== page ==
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Clerk of court race features rematch

DOBSON — The primary election for Surry County clerk of court includes three candidates, who are all Republicans, with no Democrats having filed to run for that office this year.

One is incumbent Neil Brendle and the former clerk he defeated in a party primary in 2018, Teresa O’Dell, en route to overcoming a Democratic challenge in the November general election that year.

The third candidate in the 2022 race is Melissa Marion Welch, who has many years of experience as a clerk’s office employee.

The same set of questions was posed to all three, designed to help voters learn about their backgrounds and positions on key issues in order to make informed choices.

Listed in alphabetical order, the candidates and responses include those of:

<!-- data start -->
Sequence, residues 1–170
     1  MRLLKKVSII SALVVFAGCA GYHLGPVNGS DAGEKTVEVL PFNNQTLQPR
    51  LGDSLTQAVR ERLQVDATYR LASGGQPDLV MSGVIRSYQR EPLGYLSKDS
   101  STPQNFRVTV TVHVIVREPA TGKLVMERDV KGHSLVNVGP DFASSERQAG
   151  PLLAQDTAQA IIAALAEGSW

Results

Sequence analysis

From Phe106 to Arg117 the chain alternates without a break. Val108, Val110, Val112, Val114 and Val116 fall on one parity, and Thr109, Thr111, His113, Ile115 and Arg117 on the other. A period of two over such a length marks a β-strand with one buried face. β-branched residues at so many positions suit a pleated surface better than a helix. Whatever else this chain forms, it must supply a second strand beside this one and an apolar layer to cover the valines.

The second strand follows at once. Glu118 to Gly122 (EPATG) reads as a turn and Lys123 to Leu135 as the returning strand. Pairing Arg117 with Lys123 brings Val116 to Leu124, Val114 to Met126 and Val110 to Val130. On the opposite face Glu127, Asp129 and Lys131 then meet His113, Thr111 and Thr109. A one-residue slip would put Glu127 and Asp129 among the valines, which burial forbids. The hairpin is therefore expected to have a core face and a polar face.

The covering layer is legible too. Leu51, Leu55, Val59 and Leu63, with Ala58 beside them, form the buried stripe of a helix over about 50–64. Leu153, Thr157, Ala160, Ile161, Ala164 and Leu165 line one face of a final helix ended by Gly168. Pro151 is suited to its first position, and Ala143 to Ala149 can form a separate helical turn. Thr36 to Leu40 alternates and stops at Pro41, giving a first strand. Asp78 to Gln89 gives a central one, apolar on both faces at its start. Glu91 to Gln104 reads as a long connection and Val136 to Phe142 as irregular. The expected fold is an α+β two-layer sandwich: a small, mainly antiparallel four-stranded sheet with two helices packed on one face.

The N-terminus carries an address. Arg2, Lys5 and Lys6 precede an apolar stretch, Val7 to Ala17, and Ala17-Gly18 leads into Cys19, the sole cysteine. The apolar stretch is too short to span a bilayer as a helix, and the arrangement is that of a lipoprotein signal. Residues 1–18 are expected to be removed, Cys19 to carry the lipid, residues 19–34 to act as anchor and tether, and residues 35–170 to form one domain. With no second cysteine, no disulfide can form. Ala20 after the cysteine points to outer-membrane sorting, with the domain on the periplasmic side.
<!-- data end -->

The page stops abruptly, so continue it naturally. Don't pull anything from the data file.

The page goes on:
Neil Brendle

Tell citizens a little about yourself.

Answer: My name is L. Neil Brendle, clerk of Superior Court for the county of Surry. I thank you for the opportunity to bring attention to the office.

I have served for the last four years in this capacity, am 45 years old and a resident of Dobson. I was appointed in December of 2000 as a magistrate judge for Judicial District 17-B, and served here in Surry for almost 17 years.

Additionally, I have worked many years in the grading, highway building and public utilities construction industries. I am a graduate of Gardner-Webb University, Surry Community College and have completed many hours of education at the School of Government at the University of North Carolina-Chapel Hill.

I am a follower of Jesus Christ and a conservative Republican individual rooted in the Constitution of our great nation. I have been a lifelong sportsman with a love of the outdoors and shooting sports. I am blessed to be a father of two bright, caring, loving daughters; husband to an incredibly supportive wife; and have five amazing dogs.

Question: Why are you interested in serving as clerk of court?